Engaging the Gospel – Christ the King

Solemnity of Christ the King (Year C): Gospel – Luke 23:35-43

For the Solemnity of Christ the King, the final Sunday of the liturgical year, the Church presents us with a stark Gospel: Jesus on the Cross.

“The Cross is the paradoxical sign of His kingship,” Benedict XVI has reflected:

It is in the very offering of Himself in the sacrifice of expiation that Jesus becomes King of the universe…

But in what does this ‘power’ of Jesus Christ the King consist?…It is the divine power to give eternal life, to liberate from evil, to defeat the dominion of death. It is the power of Love that can draw good from evil, that can melt a hardened heart…

This Kingdom of Grace is never imposed and always respects our freedom….Every conscience, therefore, must make a choice. Who do I want to follow? God or the Evil One? The truth or falsehood?

November 22, 2009.

This choice is reflected in today’s Gospel, in which Jesus is reviled by some, but venerated by the “Good Thief.”

The Gospel dialogue reverberates to our own time, when the kingship of Christ is still subject to mockery and derision. Many in our culture commit the sin of blasphemy, “uttering against God – inwardly or outwardly – words of hatred, reproach, or defiance” (Catechism paragraph 2148).

As members of the Body of Christ, we are called to shape our world, and transform our culture, in the light of the Gospel (898-99, 2105), and thus advance the Kingdom.

Question for reflection: How do I respond when someone mocks the Lord?

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Revere God’s Holy Name

Summary of Catechism paragraphs 2142-67, 2808-12:

  • The Second Commandment follows logically from the First: “You shall not take the name of the Lord your God in vain.”
  • By revealing His name, God establishes a personal relationship with us, entrusting us with an aspect of His divine mystery; if we fail to show the respect due to His name, we abuse and violate this gift of friendship.
  • God’s name evokes His majesty – YHWH, “I Am Who Am,” the fundamental ground of all being, encompassing every beauty and perfection; to protect the inviolability of the name of YHWH, the Jewish people have substituted the term Adonai (“Lord”) for it, lest it be pronounced unworthily.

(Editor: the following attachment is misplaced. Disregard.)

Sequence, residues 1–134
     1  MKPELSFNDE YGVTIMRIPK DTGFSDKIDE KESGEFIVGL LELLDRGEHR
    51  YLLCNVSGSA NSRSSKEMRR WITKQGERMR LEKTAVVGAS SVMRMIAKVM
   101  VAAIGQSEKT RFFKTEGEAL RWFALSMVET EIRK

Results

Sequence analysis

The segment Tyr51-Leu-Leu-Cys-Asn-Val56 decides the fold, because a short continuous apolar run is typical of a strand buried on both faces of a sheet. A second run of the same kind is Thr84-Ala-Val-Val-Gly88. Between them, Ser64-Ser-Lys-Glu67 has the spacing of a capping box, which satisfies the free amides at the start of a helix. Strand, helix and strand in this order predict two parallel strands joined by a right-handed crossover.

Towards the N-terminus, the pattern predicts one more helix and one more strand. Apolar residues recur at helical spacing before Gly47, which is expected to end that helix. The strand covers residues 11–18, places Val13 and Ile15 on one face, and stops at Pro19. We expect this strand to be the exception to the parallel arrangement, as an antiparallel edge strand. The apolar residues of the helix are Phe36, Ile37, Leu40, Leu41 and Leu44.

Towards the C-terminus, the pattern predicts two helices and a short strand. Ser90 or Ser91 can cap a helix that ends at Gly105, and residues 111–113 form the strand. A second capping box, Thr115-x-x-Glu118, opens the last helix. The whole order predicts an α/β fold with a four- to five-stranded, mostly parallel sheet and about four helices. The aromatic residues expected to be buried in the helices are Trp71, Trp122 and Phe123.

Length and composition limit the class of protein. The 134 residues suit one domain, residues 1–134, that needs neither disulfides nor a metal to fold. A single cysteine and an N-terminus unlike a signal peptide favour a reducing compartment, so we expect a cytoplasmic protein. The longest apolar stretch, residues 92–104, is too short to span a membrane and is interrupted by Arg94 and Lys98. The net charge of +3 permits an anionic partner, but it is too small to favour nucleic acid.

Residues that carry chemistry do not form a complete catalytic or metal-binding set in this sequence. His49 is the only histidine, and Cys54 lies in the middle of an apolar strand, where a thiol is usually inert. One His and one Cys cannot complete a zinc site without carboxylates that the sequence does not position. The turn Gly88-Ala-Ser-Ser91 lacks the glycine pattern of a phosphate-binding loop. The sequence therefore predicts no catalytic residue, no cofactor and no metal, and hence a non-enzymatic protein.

• When the Son of God became man, He took on a deeply significant name: “Jesus,” meaning “God saves,” sums up His work of salvation; the title of “Christ” conveys His “anointing” by the Holy Spirit as priest, prophet, and king.
  • Ever mindful of God’s sublime holiness, heroes of faith through the ages have been filled with zeal for His holy name; so should we, who are baptized in the name of the Father, and of the Son, and of the Holy Spirit – the Most Holy Trinity.
  • Blasphemy is therefore a grave sin; it ranges from irreverent use of God’s name to expressions of mockery, contempt, or hatred toward God as well as toward the Church, the saints, and things consecrated to Him.
  • We also sin against this commandment when we do not keep promises or oaths made in God’s name; through such a failure on our part, we implicate God, so to speak, in our own lack of fidelity.
  • That is why perjury – the deliberate violation of an oath, or the swearing of a false oath without meaning to keep it – is so grave; God is Truth, yet we misuse His name to promote a lie.
  • For the same reason, we must refuse to take any oath that goes against the dignity of the human person or that harms our unity in the Church, the Body of Christ; we should not take any oath at all unless it is strictly necessary for the sake of truth or justice and administered by legitimate authorities (as in court).
  • Our name is likewise worthy of respect, for it reflects our dignity as a human person and a child of God; our unique individuality will radiate in a special way in His heavenly kingdom.

Live Your Faith

Blasphemy is sadly so common these days that we’re desensitized to it, no longer finding it shocking or offensive. We would react with righteous anger if anyone mocked or otherwise abused the names of our parents, spouse, or children. Yet do we even bat an eye when Our Lord is dishonored?

At a minimum we should guard our own speech and preserve reverence for His sacred name. If someone blasphemes in our presence, let us charitably ask them not to hurt us in this way. Let us also make reparation to Our Lord by offering our own acts of love.